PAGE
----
The main reasons given for plan termination were there were no active members remaining in the plan or that the company ceased operations or amalgamated with another company. Over the last two years we’ve seen an increase in the number of requests for permission to transfer assets. This year we received 13 requests. Those are from plan sponsors who have multiple plans and have decided to amalgamate their plans to save on administrative costs.
Included in this table are requests we received that were either withdrawn by the applicant or by OSFI or requests where we concluded did not require the Superintendent’s authorization. This year we received two requests withdrawn from the applicant and two requests that after some analysis we did not feel the Superintendent’s authorization was required.
We try to work with our plan administrators to find solutions when issues arise and there is a lot of discussion before the Superintendent ever decided to deny an application. This year all decisions rendered were favourable. You can also see that at the end of February we had 34 transactions under review -- 7 have been with OSFI for more than year. Six of the seven involve transactions where it was a request for permission to transfer assets.
The reason why those transactions are delayed, either we’re waiting for information from plan administrators or service providers or we’ve identified as part of our actuarial review issues with members’ benefits that we feel need to be addressed before we grant permission for the transfer.
Our overall processing time this year is 70 days. That changes from year to year. That’s for the review of DC and DB transactions. It’s the time spent reviewing transactions and making the recommendation. It does not include any time where we’re waiting for a response from a plan administrator or service provider. Obviously the more complex the transaction the longer it will take to receive a response because we do a lot of internal consultation.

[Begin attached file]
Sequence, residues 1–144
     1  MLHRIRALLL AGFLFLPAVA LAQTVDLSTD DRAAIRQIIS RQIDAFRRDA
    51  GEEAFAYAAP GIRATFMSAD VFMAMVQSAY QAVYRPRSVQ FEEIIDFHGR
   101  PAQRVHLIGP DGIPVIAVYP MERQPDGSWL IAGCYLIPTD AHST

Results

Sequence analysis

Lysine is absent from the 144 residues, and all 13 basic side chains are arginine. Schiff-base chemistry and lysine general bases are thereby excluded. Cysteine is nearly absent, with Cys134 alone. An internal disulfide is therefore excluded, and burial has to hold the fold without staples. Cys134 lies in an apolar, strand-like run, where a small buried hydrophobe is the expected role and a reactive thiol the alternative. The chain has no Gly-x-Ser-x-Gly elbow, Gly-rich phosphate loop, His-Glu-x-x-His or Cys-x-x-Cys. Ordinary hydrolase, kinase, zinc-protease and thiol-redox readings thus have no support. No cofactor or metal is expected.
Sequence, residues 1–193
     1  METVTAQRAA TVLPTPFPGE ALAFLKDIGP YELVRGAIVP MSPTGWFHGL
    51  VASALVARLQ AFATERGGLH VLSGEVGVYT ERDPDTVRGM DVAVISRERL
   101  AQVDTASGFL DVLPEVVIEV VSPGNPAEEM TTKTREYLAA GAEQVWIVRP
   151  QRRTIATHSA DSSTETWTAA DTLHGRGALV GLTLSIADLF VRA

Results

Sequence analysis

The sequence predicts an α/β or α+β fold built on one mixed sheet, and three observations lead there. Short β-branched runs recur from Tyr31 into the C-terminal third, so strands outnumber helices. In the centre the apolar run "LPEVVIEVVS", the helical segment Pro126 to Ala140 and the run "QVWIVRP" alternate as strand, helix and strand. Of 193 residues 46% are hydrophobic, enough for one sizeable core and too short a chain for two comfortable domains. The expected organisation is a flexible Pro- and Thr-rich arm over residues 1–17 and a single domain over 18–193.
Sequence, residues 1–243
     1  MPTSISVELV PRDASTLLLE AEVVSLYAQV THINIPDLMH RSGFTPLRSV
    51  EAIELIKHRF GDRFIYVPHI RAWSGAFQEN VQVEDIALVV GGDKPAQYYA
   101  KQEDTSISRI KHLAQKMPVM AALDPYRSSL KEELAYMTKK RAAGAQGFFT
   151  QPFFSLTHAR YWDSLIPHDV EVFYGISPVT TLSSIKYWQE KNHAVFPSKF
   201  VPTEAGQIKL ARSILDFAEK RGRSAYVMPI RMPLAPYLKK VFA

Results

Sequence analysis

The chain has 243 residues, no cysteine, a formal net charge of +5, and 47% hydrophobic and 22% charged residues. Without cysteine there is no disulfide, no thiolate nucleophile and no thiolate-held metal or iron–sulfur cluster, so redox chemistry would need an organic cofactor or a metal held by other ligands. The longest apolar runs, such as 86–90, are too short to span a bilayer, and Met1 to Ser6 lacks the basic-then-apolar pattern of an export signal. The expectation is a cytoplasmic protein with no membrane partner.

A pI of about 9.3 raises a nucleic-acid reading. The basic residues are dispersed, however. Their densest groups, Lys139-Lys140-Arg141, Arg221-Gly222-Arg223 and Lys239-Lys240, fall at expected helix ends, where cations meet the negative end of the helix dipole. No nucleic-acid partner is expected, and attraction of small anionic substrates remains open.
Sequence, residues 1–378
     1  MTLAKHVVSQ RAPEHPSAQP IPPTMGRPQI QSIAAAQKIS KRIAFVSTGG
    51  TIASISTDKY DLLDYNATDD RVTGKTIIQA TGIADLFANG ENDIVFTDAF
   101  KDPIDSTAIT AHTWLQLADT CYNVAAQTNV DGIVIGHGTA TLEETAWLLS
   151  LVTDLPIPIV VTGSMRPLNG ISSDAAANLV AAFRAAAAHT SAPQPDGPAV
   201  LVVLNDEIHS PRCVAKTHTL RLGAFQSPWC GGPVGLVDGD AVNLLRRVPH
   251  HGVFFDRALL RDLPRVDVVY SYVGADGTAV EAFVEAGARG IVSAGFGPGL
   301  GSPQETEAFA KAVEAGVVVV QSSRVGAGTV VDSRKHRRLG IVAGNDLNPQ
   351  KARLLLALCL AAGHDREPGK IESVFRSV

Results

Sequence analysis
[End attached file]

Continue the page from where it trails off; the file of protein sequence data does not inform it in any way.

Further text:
That tends to happen with more complex transactions. If you’re submitting an application for a defined benefit plan it will take us more than our average processing time to render a decision. Now I’d like to talk about OSFI’s expectations for certain types of transactions. The first one is for plan registrations. A plan that is established is expected to comply with the legislation regardless of whether they received a registration from the Superintendent or not.
Although section 10 of the PBSA requires a plan administrator to file documents with OSFI within 60 days of a plan’s establishment we don’t often see this time period respected. Plans that have been established are expected to be administered in accordance with the PBSA. This includes the requirement upon establishment to enrol members to fund the plan as well as to submit required filings.
With respect to plan terminations, most employers choose to fund their deficits on plan terminations in a lump sum payment. However when they elect to do so they put in their termination reports that they will be submitting the lump sum payment once the Superintendent has approved the termination report.
If the solvency deficit is not paid in a lump sum payment when the termination report is submitted to OSFI for approval, then the employer must make monthly payments until the lump sum payment is remitted. The schedule of amortization payments should also be set out in the termination report filed with OSFI.